Film shares the fantasy view of world that Reagan sold to America
Column by Manavendra K. Thakur
Throughout his life, Ronald Reagan was many things, and he was called many names by many different people during his eight years as president. But more than anything else, Reagan was an actor. His extraordinary charisma and personal popularity resulted, at least in part, from his experience as an actor. That is why it is especially fitting, and even ironic, that four months after his leaving office, the best way to understand Reagan's success story with the American public is to experience it first-hand in the form of a Hollywood film. That film is the recently released Field of Dreams.
The film is about a 1960s activist turned Iowa farmer, played by Kevin Costner, who follows the advice of a mysterious voice that tells him to build a baseball field in the middle of his cornfield. The film has become popular with American audiences because it offers a charming fantasy that tugs at the heart and because viewers leave the theater with a warm, fuzzy glow inside them. In short, it's a "feel good" movie. Reagan's popularity was based on virtually the same things: his ability to charm his audiences with his likable, affable personality. He was, in short, a "feel good" president -- especially after Jimmy Carter.
Reagan was frequently portrayed as "out of touch with reality," but his simplistic and soothing message proved to be very much in tune with the mood of many Americans nationwide. The film's story is an equally simplistic story and reassuring fantasy that has proved to be popular at the box office with many Americans nationwide.
Reagan told Americans that he could raise defense spending, cut taxes, and balance the budget at the same time. The $1 trillion added to the national debt by Reagan proved this to be pure fantasy, of course, but the point is that Reagan drew on his personal appeal to make Americans believe in this pure fantasy. In the film, Costner's character is so thoroughly sold on the fantastic idea of building a baseball field in the middle of a corn field in Iowa that he spends all his life savings and mortgages his farm. His wife (played by Amy Madigan) unhesitatingly follows along, telling him that "If you think you ought to build it, then I think you should build it."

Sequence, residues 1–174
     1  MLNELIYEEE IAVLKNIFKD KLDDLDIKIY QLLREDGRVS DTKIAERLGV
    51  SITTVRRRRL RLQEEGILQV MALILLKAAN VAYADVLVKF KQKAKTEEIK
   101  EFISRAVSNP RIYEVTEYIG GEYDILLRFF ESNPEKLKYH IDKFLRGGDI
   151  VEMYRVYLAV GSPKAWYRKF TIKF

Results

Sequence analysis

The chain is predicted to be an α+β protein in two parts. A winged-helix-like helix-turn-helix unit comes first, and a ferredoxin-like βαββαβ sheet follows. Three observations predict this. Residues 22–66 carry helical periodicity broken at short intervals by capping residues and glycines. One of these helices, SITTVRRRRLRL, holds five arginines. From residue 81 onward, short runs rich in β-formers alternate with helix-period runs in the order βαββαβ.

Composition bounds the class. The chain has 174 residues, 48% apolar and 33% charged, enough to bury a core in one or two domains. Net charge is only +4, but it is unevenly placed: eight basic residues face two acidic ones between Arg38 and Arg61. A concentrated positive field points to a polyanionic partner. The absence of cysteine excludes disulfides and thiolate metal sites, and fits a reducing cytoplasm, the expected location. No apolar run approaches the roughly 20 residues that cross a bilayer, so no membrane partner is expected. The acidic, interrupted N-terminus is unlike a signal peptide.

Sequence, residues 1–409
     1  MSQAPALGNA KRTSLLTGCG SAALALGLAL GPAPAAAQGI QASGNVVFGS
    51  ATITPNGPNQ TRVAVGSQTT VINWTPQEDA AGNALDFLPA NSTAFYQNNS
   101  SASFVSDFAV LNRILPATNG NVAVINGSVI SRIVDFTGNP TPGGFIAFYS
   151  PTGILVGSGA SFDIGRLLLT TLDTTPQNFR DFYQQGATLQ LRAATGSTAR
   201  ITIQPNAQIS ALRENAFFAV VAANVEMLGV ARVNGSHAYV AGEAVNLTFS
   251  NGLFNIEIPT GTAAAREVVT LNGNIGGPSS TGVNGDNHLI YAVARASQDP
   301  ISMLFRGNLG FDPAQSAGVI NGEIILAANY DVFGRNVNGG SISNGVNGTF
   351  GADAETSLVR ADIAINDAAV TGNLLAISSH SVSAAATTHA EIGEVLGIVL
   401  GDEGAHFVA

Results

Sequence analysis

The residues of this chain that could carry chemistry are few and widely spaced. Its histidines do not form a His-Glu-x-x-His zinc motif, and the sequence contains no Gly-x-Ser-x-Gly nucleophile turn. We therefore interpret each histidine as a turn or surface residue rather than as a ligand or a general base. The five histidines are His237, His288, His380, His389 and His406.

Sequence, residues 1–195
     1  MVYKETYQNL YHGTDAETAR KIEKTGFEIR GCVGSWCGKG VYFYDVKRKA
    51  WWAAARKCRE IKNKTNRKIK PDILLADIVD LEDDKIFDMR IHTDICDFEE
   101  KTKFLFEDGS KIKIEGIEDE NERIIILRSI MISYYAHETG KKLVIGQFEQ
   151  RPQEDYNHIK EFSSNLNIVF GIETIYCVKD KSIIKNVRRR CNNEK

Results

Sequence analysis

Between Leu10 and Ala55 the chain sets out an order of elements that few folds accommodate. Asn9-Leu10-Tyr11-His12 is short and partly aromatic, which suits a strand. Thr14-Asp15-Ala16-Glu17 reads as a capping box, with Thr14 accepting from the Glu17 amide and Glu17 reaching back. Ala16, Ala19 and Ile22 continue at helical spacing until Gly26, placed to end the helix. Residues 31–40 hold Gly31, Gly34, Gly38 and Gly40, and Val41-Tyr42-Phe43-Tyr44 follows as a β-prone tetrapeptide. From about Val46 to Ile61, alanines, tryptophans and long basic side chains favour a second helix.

Reagan offered an exceedingly simplistic view of the world. The Russians were bad, Americans were good, and being American meant believing in motherhood, apple pie, God, and country. The film offers a similar version of Americana: at one point a character points behind Costner while talking about attaining the American Dream. Costner turns around, and the film cuts to a shot of his large, comfortable house lit up in the evening twilight. His loving wife and pretty young daughter stand on the front porch as they admire the country view. A white picket fence and green lawn completes the Norman Rockwell image.
Both Reagan and the film used images similar to these (remember the "Morning in America" commercials?) to manipulate their audiences and tug at their heartstrings.
Another parallel involves how both Reagan and the film offer a comforting redemption for events that scarred the American psyche. Reagan was the first president to explicitly pay tribute to the American presence in Vietnam. The film similarly pays tribute to the baseball players who were involved in the Chicago "Black Sox" game-fixing scandal of 1919. Compare Field of Dreams's attitude toward the scandal with that of John Sayle's recent Eight Men Out, and it becomes clear that the healing and reconciliation offered by both Reagan and Field of Dreams necessarily involves an element of forgetting the darker moments of the past, or at least to present them in as positive a light as possible.
There is one further parallel that is perhaps the most subtle. Reagan drew much of his support from those who came of age in the 1960s and early 1970s (the so-called "neo-conservatives" and, to a lesser degree, Reagan Democrats). In the film, both Costner and his wife are graduates of Berkeley and 1960s protests, and the film makes a point of including a scene where Costner's wife singlehandedly stops the local PTA from banning "obscene" literary books from the school library. Very shortly afterwards, they decide to build the baseball field.
The faith which allows them to gloss over the economic risks of their decision is completely at odds with the hardnosed rebellious attitudes they demonstrated earlier -- but it is entirely consistent with the reversal of political attitudes that had to take place in order for many Reagan Democrats to rationalize their newly-found conservative views. Consequently, the film both soothes and lays to rest any nagging doubts that neo-conservatives might still have about their reversal. As one might expect, this only adds to the film's popularity.
This soothing effect is very subtle, because it is plain that the filmmakers did not set out to make a political statement or to explore the reasons for Reagan's popularity. (They probably are neither willing nor able to make such a film.) Nevertheless, it is clear that strong parallels exist between the Field of Dreams and the essential Reagan message: the fantasy the film peddles is precisely the same fantasy that Reagan sold the American public in 1980 and 1984.
Manavendra K. Thakur '87 is a film critic for The Tech.